It’s that lack of athleticism that drives down his future projections, though, as even after watching him for three seasons observers have trouble believing he can be the fulcrum for a contender. Marc Gasol had similar problems when he came into the league as an overweight center who would never be a rim protector, but the Grizzlies grit-and-grind really took off once he got in shape. Jokic is just starting that process, still younger than Marc Gasol was as a rookie. He’ll never be Anthony Davis athletically, or even Tim Duncan (who was more athletically gifted as a young man than he’s given credit for). But if his defense becomes fundamentally sound and the team structure is built around what he can do rather than what he can’t, how far can an insanely great offense take the Nuggets?

Denver is trying to add the pieces around him. They’ve punted on veteran defensive upgrades this summer but keep putting a thumb on the scale for intelligence, and have for a few years. Paul Millsap is smart as hell, and makes his living on defense off of his brain rather than his vertical jump. Gary Harris doesn’t get all those back court dunks by accident and is insanely efficient if still under the radar. Denver is teeming with young players like Jamal Murray, Jarred Vanderbilt and Michael Porter Jr. who have both the talent and the basketball savvy to make big leaps as they find their exact fit with this team. Denver has moved their players that made the silly turnovers or could not keep up with the offensive scheme. This team is quite different from the J.R. Smith Nuggets who ran teams out of the gym but caused George Karl to occasionally label them an insult on the dignity of the game.

Can that intelligence be put to work on defense? The Spurs are a classic example of a team that wasn’t the most athletic but was so smart and cohesive on BOTH ends that they won titles. Their hall-of-fame-level talent was also undeniable, however. Tim Duncan may be the greatest power forward to ever lace them up (regardless of how many times he was called a center), and both Tony Parker and Manu Ginobili will join him in the Hall. How many Hall of Famers currently reside in Nuggets jerseys?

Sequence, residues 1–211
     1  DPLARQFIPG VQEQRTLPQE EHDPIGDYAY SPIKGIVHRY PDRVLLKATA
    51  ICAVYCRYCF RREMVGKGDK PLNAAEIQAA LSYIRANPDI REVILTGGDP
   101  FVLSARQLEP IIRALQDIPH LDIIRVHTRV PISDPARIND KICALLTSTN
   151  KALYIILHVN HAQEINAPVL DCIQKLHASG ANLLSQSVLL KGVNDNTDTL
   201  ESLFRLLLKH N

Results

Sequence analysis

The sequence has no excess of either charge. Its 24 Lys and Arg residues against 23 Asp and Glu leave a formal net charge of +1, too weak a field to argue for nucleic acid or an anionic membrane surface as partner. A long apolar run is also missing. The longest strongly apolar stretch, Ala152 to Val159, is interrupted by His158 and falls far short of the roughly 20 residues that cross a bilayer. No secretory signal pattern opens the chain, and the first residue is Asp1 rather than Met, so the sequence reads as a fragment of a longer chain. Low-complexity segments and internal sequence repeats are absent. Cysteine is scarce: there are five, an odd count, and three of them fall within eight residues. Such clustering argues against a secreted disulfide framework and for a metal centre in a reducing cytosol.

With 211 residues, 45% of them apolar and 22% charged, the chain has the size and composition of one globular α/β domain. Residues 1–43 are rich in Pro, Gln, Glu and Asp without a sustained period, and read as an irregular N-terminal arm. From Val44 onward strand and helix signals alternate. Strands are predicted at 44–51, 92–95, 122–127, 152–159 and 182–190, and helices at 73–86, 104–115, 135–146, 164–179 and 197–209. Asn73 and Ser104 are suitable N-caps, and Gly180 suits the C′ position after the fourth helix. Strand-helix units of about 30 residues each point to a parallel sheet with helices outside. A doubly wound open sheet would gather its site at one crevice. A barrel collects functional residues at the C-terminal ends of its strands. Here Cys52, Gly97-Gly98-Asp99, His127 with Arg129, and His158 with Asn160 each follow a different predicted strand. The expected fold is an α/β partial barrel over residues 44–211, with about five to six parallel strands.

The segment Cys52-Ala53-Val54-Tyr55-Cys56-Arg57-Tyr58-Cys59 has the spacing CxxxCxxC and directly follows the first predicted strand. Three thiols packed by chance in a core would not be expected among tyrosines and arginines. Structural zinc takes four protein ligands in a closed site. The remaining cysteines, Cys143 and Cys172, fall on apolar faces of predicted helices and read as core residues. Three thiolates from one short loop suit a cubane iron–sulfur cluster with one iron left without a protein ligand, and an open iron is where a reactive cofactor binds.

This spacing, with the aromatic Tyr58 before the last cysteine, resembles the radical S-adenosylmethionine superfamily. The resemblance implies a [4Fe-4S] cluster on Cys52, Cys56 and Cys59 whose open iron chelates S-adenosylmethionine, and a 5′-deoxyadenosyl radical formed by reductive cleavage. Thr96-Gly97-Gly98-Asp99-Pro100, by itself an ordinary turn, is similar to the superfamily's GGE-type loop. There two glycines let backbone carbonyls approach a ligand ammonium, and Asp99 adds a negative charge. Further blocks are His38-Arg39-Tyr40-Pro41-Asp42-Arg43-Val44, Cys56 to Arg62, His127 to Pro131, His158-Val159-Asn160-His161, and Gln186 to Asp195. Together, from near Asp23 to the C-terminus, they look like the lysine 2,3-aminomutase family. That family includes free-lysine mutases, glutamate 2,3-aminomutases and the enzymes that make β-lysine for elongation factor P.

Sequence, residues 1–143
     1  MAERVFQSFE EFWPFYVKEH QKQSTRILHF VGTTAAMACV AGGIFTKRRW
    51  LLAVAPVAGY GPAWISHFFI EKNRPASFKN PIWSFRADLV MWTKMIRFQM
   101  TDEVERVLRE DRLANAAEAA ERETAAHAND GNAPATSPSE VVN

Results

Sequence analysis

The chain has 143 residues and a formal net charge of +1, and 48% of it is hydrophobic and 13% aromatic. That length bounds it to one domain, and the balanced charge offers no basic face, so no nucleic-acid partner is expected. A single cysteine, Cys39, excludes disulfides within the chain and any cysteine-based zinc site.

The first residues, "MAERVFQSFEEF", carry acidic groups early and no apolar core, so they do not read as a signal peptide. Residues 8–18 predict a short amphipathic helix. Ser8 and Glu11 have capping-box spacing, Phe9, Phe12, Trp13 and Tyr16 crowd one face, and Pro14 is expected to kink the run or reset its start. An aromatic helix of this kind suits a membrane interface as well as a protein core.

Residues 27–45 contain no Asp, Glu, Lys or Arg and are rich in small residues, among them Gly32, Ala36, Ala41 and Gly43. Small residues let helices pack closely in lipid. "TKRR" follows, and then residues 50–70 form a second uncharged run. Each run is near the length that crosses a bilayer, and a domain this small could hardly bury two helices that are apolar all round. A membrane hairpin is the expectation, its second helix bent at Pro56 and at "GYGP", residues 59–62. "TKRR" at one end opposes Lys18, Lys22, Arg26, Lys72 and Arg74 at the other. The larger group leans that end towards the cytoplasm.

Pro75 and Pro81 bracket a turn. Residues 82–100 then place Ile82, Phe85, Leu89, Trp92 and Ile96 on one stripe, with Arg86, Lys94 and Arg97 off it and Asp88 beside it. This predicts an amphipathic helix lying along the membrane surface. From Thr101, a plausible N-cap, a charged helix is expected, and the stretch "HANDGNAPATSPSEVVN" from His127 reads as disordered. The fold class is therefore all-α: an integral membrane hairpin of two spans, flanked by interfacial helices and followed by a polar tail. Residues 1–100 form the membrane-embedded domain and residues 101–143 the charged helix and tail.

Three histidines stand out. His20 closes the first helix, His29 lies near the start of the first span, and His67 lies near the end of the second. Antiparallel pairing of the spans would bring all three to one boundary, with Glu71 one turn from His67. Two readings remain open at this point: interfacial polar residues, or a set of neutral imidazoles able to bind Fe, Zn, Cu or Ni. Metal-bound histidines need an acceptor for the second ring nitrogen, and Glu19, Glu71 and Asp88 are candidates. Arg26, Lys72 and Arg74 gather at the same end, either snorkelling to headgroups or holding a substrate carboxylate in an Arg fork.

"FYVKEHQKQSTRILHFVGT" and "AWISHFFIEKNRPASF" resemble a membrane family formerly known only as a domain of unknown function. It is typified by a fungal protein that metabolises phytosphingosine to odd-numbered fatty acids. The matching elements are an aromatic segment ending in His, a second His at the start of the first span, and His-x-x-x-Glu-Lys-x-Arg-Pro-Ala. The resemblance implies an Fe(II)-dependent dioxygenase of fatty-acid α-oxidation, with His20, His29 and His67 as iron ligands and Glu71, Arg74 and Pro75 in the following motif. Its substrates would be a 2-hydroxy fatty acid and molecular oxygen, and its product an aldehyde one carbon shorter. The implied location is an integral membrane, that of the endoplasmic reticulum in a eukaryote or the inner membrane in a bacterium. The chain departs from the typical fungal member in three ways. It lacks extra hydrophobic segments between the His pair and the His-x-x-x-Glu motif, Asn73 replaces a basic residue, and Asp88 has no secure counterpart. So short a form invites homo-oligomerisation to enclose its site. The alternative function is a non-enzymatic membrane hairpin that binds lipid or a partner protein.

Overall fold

The Nuggets still don’t really know what Jokic is. Duncan was the Big Fundamental. Very little that Jokic does is fundamental at all. He bursts with creativity and off-the-cuff inventiveness, a whimsical and playful offensive genius that borders on aggravating to those looking for fundamental execution. The mix of player approach and position is almost unique in the history of the NBA – there aren’t enough precedents to base a strategy off of.

Genius cannot be explained but the Nuggets want to find out whether or not it can be shared. It’s not enough to be a basketball savant or even the smartest player on the floor if everyone else is unable to contribute to your process. My hope for this team is for them to turn into not one but several smart basketball savants who share the process together and have ownership of the pieces.

In the Asimov story, Ralson died trying to impart enough of his genius to the cause to make a difference. Denver doesn’t need Jokic to be a martyr for the cause of basketball intelligence; they need him to be a conqueror, and for this offense to be so unstoppable it cannot be held down even by its own average defense. And a conqueror needs an army that can fully execute a cunning plan.

After several hesitations and incomplete attempts, the first 82-game implementation of the “Jokic Plan” begins this fall. Denver had a league-best 113 Offensive Rating after January 21st, compared to their 106 rating before. That was the date coach Michael Malone said he would call fewer plays and get back to letting Jokic take over.

Hopefully the training of the last couple of years lets the team fully execute Jokic-ball and give us a glimpse of what the upper limits of this unique style of basketball will look like down the line.